Anita Ratnam. Pix source: Sutra Dance Theatre
She’s lived a rich life, and now she wants to share it through almost one hour of non-stop dance. Break-a-Leg speaks to the great Indian dancer and feminist, Anita Ratnam.
ANITA Ratnam wears many titles: dancer, choreographer, transcultural collaborator, arts presenter, scholar, writer and cultural activist.
Add to all that the fact that her four decade-long career encompasses more than 1,000 performances in 15 countries and it’s not surprising that she is one of India’s most recognised dance icons. Apart from being trained in bharatanatyam and the Kerala dance traditions of kathakali and mohiniattam, Anita also holds a Masters degree in theatre and television.
She returned to her home base in Chennai, India, from New York after a highly successful, decade-long tenure as TV producer and commentator.
Malaysia will see this connoisseur’s dancer on stage when she presents Seven Graces early next month at Amphi-sutra, Kuala Lumpur.
Seven Graces is Anita’s solo “operatic” (see her explanation of this intriguing concept below) creation in collaboration with Hari Krishnan, an India-born, Canada-based dancer, choreographer, teacher and dance scholar.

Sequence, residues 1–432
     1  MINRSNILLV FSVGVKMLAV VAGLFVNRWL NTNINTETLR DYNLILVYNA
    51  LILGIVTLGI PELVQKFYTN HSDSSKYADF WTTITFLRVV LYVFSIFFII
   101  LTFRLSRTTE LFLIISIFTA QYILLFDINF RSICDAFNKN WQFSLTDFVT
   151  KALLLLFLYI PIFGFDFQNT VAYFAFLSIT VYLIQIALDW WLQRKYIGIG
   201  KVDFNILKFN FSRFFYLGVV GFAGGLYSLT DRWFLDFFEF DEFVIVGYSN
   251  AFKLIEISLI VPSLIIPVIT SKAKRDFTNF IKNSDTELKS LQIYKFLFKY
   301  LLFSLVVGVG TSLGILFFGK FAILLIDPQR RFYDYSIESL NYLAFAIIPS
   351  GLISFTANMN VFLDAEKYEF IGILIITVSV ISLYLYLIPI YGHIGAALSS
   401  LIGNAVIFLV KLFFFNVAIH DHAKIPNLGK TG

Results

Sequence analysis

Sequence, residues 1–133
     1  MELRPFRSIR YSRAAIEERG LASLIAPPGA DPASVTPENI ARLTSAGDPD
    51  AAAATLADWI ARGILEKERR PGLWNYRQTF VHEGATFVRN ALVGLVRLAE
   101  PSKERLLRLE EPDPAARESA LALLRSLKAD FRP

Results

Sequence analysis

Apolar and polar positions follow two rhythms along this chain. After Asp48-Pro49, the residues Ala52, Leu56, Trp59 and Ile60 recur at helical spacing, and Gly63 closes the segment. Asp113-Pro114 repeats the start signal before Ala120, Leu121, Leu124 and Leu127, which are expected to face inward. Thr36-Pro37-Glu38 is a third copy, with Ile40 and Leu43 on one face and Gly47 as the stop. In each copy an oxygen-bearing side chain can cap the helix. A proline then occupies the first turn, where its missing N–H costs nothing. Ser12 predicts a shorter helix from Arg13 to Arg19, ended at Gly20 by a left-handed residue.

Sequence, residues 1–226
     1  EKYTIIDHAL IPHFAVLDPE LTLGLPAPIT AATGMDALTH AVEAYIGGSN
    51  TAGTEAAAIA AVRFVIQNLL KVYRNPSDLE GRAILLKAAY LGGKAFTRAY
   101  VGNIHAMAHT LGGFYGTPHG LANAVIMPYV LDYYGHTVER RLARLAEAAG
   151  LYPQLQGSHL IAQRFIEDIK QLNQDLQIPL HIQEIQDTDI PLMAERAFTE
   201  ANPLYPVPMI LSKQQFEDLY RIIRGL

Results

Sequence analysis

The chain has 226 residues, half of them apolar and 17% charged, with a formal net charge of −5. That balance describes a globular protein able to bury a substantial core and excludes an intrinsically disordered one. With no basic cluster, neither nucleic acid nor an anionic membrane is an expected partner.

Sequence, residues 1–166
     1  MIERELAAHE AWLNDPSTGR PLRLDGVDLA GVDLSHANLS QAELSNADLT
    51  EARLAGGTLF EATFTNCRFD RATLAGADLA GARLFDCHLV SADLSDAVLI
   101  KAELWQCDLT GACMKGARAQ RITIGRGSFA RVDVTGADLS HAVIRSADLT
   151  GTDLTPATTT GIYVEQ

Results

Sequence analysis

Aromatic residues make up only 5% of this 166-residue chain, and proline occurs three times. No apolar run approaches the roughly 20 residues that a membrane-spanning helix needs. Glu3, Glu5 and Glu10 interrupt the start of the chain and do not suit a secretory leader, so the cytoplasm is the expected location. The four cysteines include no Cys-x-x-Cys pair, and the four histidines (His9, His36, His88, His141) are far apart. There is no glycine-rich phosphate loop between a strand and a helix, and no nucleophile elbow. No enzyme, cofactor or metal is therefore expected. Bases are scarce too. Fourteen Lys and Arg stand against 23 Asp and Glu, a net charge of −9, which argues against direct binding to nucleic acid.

The piece features Anita’s perspectives on goddess worship, the many hues of Buddhist goddess Tara, and feminism.
In an e-mail interview, Anita shares her thoughts about Seven Graces and about a subject close to her heart: feminism.
Why did you choose goddess Tara as your reference? /strong>
Goddess Tara chose me! My good friend, Arvind Iyer, a writer in Bombay and a Buddhist, saw me as the goddess in his dream. In his dream, he saw the colours, the moods and the images and sketched the first mood-mosaic of the goddess Tara for me.
The goddess is so full of life, humour, passion and compassion – like a mother. I loved that, being a mother (of two teenaged girls) myself. These elements lent themselves perfectly to choreography.
What are the seven graces?
Seven is the “number of the Universe” – there are the seven ages of men, seven cosmic stages, seven charkas of human consciousness, seven pillars of wisdom, seven sacred rivers, and so forth.
The number represents completeness, totality, perfection, plentiful-ness, rest, reintegration, safety, and synthesis.
In this work, I speak of the many stages and moods of a woman and a goddess – from the pain and darkness of birth, to the wonder of a young girl discovering her space, to a woman and a mother kindling the inner and outer worlds, the healer and shaman at work, an ascetic in ecstasy and, finally, the invisible space and colour for reunification and renunciation.